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Climate Change impacts on the Livestock Sector

Sheep at Bush

This project aims to predict the impact of climate change on the UK livestock industry and to assess the measures needed to adapt to a changing climate. The emphasis of this project is on gaining an understanding of the nature of the risks that might arise to the public interest, their extent and their value, and the policy interventions that are then required. A major part of the project is the assessment of the costs and benefits of the possible adaptation measures needed to adapt to climate change.

The project has a number of objectives:

  • Carry out a review to estimate future livestock numbers and location - A first step is to ask where the industry is now and where is it going over the next century? This analysis of livestock scenarios predicting future stocks and locations provides the basis for assessing the impacts of climate change.
  • Select a range of climate change and extreme event scenarios - A range of climate change and extreme event scenarios will be downscaled to a regional level for the UK.
  • Modelling climate related changes to grassland/forage production - This modelling input provides a precursor to modelling livestock range movements in response to climate change and therefore a basis for related impacts analysis in terms of health, welfare and assessment of the environmental consequences of adaptation of the livestock sector.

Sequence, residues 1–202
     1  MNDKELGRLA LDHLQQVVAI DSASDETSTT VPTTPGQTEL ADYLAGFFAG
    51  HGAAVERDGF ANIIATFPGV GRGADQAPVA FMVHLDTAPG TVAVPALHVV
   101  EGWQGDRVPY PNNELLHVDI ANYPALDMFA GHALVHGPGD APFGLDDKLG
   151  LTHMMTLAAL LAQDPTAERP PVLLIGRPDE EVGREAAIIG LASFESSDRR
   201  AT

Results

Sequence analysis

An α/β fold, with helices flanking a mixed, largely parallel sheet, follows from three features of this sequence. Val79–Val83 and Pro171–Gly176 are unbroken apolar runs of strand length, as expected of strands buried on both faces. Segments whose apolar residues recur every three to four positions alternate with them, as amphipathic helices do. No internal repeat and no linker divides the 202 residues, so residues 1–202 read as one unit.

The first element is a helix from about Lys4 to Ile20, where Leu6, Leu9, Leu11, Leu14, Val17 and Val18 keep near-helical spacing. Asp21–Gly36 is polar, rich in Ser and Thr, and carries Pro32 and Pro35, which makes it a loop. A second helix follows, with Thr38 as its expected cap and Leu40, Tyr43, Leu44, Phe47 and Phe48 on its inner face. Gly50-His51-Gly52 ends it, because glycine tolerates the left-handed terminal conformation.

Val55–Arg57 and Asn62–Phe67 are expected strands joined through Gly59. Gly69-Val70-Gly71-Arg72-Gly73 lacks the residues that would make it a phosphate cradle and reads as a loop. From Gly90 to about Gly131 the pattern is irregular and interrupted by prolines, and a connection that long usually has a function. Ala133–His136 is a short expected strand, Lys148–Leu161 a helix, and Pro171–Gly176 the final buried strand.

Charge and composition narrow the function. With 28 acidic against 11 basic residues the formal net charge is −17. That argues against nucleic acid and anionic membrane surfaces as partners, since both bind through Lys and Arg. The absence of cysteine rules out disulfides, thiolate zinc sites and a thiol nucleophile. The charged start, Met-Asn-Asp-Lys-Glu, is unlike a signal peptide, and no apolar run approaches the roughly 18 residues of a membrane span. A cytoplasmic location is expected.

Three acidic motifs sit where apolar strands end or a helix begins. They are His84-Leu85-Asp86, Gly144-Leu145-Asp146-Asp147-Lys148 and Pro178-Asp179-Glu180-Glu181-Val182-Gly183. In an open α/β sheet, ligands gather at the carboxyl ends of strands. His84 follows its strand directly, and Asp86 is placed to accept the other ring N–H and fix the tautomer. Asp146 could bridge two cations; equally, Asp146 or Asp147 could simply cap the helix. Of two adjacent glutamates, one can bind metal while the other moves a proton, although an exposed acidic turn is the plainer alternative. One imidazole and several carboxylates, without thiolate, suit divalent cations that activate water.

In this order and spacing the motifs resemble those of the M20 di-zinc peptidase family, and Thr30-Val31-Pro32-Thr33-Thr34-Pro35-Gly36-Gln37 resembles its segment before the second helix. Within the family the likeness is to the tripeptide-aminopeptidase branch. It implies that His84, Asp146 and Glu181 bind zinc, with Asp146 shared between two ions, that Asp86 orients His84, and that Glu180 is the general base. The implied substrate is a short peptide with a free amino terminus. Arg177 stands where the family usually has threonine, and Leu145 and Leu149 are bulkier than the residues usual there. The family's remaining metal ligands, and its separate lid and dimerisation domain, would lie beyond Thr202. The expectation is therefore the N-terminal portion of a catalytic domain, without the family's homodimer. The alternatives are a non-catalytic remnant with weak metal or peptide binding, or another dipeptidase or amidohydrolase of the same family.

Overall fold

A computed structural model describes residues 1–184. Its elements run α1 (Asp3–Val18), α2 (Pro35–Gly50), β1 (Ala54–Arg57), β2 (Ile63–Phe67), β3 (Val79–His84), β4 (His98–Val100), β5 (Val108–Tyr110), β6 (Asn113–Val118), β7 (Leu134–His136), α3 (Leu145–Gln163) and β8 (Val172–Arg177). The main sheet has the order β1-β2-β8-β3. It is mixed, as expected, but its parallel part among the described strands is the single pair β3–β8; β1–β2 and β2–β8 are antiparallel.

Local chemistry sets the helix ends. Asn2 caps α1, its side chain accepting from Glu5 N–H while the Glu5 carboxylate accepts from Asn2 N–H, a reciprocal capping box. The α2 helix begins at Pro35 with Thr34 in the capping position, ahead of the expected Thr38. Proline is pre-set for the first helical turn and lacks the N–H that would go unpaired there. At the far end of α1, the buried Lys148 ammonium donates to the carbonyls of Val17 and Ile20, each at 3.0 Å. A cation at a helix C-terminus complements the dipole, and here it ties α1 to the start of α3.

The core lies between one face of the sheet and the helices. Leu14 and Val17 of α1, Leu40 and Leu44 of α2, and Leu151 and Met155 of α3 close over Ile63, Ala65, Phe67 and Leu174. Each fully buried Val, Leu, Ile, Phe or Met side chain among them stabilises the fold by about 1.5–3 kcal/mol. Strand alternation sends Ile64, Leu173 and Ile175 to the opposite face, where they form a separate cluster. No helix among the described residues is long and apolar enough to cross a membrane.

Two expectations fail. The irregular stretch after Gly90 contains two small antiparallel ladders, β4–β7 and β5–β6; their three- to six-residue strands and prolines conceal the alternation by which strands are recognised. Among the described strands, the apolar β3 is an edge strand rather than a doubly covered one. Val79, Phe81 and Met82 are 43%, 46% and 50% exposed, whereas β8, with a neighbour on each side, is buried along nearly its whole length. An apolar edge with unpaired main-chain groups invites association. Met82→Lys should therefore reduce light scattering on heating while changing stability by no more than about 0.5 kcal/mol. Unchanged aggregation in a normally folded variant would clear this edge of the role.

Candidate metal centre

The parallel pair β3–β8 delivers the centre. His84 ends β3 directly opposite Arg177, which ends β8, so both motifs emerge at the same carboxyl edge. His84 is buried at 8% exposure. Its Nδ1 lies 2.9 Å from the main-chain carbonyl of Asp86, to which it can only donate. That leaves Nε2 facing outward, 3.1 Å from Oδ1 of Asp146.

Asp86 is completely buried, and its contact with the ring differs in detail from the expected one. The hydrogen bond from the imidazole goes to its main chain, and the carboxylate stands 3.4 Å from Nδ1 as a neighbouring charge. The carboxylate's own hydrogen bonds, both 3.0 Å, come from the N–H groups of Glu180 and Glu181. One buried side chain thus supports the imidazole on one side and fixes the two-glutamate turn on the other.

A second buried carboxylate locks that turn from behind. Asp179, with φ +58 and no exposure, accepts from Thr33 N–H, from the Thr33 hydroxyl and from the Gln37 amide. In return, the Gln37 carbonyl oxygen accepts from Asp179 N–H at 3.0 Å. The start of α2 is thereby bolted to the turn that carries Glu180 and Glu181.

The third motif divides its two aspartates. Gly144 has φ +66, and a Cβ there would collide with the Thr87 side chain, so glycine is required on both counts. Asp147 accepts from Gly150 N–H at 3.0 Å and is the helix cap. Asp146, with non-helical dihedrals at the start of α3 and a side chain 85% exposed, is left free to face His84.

• Develop an impacts inventory across key livestock species - This inventory will be a mixture of quantitative modelling outputs and qualitative assessments. The modelling will involve the integration of biophysical and climate models to understand the impacts on both forage species and disease vectors.
  • Value the impacts in monetary terms - Here we aim to convert the impacts into relevant monetary values, where possible, so as to aid policy-making. This may involve the use of non-market valuation techniques from environmental economics, including benefits transfer.
  • Develop an adaptations inventory - This task entails drawing up a series of relevant adaptation plans.
  • Carry out a cost-benefit appraisal of adaptation plans - The costs and benefits associated with the adaptation plans are to be estimated and compared with respect to net present values (NPV) and the internal rate of return (IRR) arising. Sensitivity analysis is to be undertaken to allow us to determine which benefit-cost estimates are critical in determining net values.
  • Appraise the distributional implications of efficient adaptation plans - The NPV and IRR figures are proxies for economic efficiency, but do not account for any distributional and/or equity impacts arising, i.e. who are the winners and losers and how vulnerable are they to the changes arising? This task explicitly integrates vulnerability analysis with the conventional economic measures of performance.
  • Provide recommendations on ‘optimal’ adaptation in the UK livestock sector - This task synthesises the outcomes of tasks 6 to 8 and provides a synopsis of our key findings with respect to the alternative adaptation plans.

Total Funding: £199,661

Funders - Defra

Research Partners - Institute of Grassland and Environmental Research

Prof Bob Rees

Professor of Agriculture & Climate Change / Head of Carbon Management Centre

Address: Scotland’s Rural College (SRUC), Peter Wilson Building, Kings Buildings, West Mains Road, Edinburgh EH9 3JG.

Telephone: 0131 535 4365

E-mail: bob.rees@sruc.ac.uk

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